"When two people know each other, they know their strengths and weaknesses," Alina said in an interview with Radio Vera. "And I can be sure that if I am ill or am not feeling well then my husband will get up early, make porridge for our child, slice an apple into it, and everyone will be fed."

Or take, for example, Matushka Anna Kuznetsova, a mother of seven who took up politics. For several years, she served as the Children's Rights Commissioner in the Russian President's office, andis now a member of the State Duma, the lower house of the Russian parliament.

Present-day priests and monks

Bell ringer of the St. Cosmas Dormition Monastery

Bell ringer of the St. Cosmas Dormition Monastery

Sergei Pyatakov/Sputnik

The classic model of a church career looks like this: studying in a seminary, choosing one's path, and serving in a church or a monastery. However, 70 years of atheism in the USSR and the Church's revival in the early 1990s introduced some changes to the traditional career path.

At the time, priesthood or monastic life was often chosen not by young men following a calling, but by already mature men - engineers, teachers, chemists, etc. Each had his own past, including a family. That said, a man who has a family and small children or dependents cannot become a monk since this path is open only to men unencumbered by such obligations.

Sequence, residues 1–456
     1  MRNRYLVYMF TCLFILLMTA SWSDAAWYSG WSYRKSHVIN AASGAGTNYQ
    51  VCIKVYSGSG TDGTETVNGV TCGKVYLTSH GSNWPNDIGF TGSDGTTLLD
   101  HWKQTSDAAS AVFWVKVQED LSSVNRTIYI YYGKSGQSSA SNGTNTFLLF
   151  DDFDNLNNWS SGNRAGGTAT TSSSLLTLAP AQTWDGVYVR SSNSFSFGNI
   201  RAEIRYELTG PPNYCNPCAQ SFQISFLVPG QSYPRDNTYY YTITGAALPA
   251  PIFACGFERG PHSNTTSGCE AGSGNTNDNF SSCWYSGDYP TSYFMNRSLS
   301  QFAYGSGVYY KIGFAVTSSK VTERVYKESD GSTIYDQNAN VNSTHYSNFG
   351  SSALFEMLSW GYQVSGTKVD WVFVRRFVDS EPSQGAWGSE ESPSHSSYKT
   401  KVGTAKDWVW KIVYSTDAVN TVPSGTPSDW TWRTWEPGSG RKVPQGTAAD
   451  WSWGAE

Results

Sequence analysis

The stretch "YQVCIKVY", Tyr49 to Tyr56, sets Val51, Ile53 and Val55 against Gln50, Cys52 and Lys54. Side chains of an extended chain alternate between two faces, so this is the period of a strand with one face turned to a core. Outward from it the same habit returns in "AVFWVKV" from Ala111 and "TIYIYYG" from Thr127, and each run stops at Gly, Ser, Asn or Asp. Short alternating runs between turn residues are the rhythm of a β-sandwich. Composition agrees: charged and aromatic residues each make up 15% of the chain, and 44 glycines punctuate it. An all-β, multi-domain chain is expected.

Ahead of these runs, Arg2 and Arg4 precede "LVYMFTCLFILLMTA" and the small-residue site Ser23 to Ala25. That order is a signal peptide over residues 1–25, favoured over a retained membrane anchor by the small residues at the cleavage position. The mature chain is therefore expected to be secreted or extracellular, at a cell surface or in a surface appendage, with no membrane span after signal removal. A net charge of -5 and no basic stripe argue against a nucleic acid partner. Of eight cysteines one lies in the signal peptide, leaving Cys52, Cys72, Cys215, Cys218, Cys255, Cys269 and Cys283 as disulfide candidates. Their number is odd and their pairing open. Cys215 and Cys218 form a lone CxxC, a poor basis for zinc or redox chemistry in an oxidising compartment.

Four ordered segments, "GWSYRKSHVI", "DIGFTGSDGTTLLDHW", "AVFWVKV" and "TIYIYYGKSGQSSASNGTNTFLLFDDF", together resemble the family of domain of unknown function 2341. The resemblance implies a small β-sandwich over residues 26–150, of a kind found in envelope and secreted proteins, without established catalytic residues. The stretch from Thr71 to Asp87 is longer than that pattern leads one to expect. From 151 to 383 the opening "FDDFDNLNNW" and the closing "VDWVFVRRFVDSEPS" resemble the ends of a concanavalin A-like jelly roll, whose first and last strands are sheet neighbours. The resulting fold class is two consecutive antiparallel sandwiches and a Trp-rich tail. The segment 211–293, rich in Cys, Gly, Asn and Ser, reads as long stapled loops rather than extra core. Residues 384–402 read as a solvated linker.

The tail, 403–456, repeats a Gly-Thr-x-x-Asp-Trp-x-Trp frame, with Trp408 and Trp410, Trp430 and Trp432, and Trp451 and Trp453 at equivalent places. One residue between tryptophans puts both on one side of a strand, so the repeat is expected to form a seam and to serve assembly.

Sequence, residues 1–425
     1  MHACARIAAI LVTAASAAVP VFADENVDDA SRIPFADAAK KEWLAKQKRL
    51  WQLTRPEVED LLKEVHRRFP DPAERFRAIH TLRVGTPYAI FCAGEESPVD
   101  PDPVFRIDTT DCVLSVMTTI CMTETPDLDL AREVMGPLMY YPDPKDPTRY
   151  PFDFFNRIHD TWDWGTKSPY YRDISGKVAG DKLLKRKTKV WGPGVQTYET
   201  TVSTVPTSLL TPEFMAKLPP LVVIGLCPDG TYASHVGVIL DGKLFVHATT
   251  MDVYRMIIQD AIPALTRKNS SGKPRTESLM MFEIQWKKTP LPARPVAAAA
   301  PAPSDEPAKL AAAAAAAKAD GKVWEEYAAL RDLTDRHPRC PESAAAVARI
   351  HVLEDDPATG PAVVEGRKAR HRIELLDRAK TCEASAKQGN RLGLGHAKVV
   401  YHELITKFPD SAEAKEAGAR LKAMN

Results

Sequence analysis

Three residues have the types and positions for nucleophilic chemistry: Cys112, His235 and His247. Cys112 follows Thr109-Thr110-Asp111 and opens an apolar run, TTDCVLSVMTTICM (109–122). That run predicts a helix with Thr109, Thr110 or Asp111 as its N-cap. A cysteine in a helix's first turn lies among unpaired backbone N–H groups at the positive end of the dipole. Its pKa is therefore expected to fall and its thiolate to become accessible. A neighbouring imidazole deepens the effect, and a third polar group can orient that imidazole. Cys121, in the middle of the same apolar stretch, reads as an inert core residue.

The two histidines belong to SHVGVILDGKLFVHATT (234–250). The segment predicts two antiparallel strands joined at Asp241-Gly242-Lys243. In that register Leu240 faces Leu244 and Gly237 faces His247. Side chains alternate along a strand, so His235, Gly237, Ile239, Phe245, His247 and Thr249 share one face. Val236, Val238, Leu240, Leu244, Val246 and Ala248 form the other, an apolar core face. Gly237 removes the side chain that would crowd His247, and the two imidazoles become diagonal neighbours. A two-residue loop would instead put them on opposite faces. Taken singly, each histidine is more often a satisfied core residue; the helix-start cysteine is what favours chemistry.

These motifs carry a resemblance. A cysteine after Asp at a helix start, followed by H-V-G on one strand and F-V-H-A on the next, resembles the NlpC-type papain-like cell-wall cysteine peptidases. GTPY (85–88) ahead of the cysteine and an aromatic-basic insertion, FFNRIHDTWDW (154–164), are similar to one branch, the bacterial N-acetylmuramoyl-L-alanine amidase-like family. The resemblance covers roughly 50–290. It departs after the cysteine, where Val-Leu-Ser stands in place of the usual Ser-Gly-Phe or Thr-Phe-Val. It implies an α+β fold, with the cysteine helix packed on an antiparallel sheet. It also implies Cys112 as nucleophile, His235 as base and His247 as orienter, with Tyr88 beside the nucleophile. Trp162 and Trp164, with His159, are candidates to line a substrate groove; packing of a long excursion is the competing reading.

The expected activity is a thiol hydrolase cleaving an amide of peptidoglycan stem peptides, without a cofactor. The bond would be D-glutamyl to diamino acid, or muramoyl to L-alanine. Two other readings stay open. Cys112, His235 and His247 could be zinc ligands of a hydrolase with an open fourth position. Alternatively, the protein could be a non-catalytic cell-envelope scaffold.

Many spiritual leaders of Russian Orthodox Christians have very interesting life stories. For example, the famous preacher Father Alexander Men became a priest after having been expelled from the Fur-and-Down Institute. At that time, he was married and independently completed his studies at a theological academy.

Metropolitan Tikhon Shevkunov

Metropolitan Tikhon Shevkunov

Vladimir Smirnov/TASS

Another notable example is Metropolitan Tikhon Shevkunov, who is often referred to as "Vladimir Putin's spiritual guide". As a young man, he graduated from the Institute of Cinematography, and only after that was he baptized into the Orthodox Church in the 1980s. He served as a novice in a monastery and became a monk in the 1990s, later rising to the rank of the hegumen of the revived Sretensky Monastery in Moscow.

Strangely enough, only after that did Shevkunov graduate from the seminary. Moreover, he was appointed rector of this seminary! Today, he's a well-known figure in the Church, chairman of the Patriarchal Council for Culture and a popular author; for example, his collection of stories, Everyday Saints, has been translated into several languages.